This morning I read a blogpost from Martin Eve labelled a dissenting voice on#AcBoMoWri. As I understand it, AcBoMoWri has been initiated as a response to #NaNoWriMo (National Novel Writing Month). Whereas, Martin suggests that the aim of AcBoMoWri is to “bash out words to get as close as possible to writing a book”, I see it more as one of a number of recent initiatives to encourage academics to get writing. Others include pomodoras, #shutupandwrite, creative writing workshops and 750 words. Lying behind each of these initiatives seems to be a search for ways of breaking through procrastination and writing avoidance and getting our research findings down on paper and out into the public domain. Given that one of the reasons we engage in research is to share our findings and out thoughts, what are we to make of these initiatives?
Martin quite rightly raises concerns about the risks of churning out material without the necessary thinking and evaluation that makes our writing meaningful. The debate that has emerged on Twitter also recognises the very real problems of short-termism and the need to produce and be counted. A culture of short term grants and a requirement for outputs, can lead to a multitude of books and articles that say very little and which fail to consider the bigger picture. This is something we all need to be concerned about. Research, whatever the field, is about so much more than inputs and outputs.
At the same time, we can be resistant to put pen to paper. Discussions in #phdchat week after week reveal the anxieties of graduate researchers as we seek to find ways to express our ideas, always questioning whether we have any kind of conceptual or theoretical framework, whether what we are wanting to say has any real meaning, and, in any case, is what we want to say good enough, not only for sharing but to gain the accolade of a doctorate.
It seems to me that incentives to write are positive. Not all will resonate. I have not been able to see the point of 750 words and writing every day – some days, I have nothing to write, apart from a short note to myself about what to think about and read next, or a shopping list. On the other hand, shutupandwrite can work for me, as long as I plan what I will focus on in the writing session. There is something energising about writing when others are too – but then I get the same from knowing that colleagues in the #phdchat network are working alongside me, albeit each in our own space, at times when most sane people are engaged in leisure activities or doing stuff with the family.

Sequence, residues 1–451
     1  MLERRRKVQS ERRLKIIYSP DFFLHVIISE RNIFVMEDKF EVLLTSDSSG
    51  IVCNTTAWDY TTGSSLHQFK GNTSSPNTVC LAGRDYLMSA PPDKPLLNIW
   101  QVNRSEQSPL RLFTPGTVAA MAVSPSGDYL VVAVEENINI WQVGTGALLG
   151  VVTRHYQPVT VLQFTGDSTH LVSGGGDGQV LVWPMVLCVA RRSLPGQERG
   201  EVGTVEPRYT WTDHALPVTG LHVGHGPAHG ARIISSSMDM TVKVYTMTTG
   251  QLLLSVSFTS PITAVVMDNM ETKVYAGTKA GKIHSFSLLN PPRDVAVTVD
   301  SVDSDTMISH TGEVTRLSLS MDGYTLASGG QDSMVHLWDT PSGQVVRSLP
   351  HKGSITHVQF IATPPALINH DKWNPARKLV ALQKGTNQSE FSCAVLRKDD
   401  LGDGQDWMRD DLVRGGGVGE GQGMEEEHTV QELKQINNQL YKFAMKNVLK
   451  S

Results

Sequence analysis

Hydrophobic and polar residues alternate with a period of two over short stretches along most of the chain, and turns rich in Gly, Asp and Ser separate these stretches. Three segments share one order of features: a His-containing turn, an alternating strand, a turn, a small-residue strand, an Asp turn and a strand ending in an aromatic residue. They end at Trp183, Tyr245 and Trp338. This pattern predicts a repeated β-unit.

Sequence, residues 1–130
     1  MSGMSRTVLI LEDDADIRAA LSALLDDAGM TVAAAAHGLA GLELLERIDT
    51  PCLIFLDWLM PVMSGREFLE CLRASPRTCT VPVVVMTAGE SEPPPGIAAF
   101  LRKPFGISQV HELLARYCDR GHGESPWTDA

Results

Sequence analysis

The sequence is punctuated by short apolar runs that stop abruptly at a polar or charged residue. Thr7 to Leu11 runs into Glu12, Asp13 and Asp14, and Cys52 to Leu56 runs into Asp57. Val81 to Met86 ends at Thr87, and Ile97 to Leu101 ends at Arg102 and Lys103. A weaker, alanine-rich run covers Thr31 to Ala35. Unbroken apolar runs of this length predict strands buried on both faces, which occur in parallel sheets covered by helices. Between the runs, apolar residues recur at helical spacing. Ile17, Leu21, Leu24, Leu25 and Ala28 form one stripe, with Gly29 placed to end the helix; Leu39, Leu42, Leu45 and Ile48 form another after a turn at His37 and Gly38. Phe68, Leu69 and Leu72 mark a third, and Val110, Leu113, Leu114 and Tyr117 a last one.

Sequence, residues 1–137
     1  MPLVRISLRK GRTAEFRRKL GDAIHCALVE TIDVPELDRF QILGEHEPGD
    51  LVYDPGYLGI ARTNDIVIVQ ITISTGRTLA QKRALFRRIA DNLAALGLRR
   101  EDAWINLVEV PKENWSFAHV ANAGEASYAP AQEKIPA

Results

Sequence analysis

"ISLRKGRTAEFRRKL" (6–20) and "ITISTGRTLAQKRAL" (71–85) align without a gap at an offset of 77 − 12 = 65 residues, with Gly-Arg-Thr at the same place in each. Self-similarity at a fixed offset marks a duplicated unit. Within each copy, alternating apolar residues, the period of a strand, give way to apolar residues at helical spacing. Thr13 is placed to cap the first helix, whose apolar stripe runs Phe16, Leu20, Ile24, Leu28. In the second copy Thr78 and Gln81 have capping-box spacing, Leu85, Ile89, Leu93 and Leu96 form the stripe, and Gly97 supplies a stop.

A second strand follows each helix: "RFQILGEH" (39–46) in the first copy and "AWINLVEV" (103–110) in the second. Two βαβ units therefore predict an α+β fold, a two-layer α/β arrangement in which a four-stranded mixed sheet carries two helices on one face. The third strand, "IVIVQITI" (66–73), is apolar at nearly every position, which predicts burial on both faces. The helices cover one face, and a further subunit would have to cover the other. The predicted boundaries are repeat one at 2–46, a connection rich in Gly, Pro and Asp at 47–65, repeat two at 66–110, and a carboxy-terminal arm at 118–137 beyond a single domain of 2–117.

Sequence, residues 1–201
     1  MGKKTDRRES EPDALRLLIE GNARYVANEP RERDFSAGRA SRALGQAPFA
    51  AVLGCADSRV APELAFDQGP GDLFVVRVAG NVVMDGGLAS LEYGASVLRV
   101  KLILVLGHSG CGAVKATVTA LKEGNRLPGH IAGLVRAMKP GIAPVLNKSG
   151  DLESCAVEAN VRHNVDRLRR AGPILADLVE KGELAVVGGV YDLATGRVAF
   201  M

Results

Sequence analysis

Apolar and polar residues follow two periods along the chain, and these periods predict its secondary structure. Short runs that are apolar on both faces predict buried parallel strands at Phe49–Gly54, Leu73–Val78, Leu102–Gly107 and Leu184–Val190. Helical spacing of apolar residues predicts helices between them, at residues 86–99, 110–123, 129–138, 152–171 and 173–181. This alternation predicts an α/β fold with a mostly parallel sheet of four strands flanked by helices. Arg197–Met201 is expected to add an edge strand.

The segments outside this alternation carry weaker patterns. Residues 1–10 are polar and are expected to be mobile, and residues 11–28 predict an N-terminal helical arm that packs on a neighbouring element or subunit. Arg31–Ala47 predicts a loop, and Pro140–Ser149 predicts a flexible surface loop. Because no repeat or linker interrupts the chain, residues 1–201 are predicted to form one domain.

So what of AcBoWriMo? My initial response was one of how crazy – why put pressure on myself to deliver a given product in a specific time? Then I looked at it again and realised it resonated with where I currently am with my own thesis writing. I know what I want to write and I know what the structure will look like. The chapters are sketched out, but the writing task needs to be done. I have been working to a fairly loose aim of completing the next draft by the end of term, but actually, with a bit of effort, there is no real reason why it shouldn’t be done by the end of this month, and if adopting the hashtag #AcBoMoWri will keep me focused and remind me I have a commitment not only to myself but to others, well and good. What I write will not be polished or fit for publication, or even submission as thesis, but will be the next step on that journey.
For me AcBoWriMo has come at an opportune time. At a different time, it would be no incentive or value whatsoever. It is not about writing a given number of words in a day, but writing what is already well-digested material and doing so in a timely manner.
But the concerns raised by Martin about the more general nature of academic writing remain.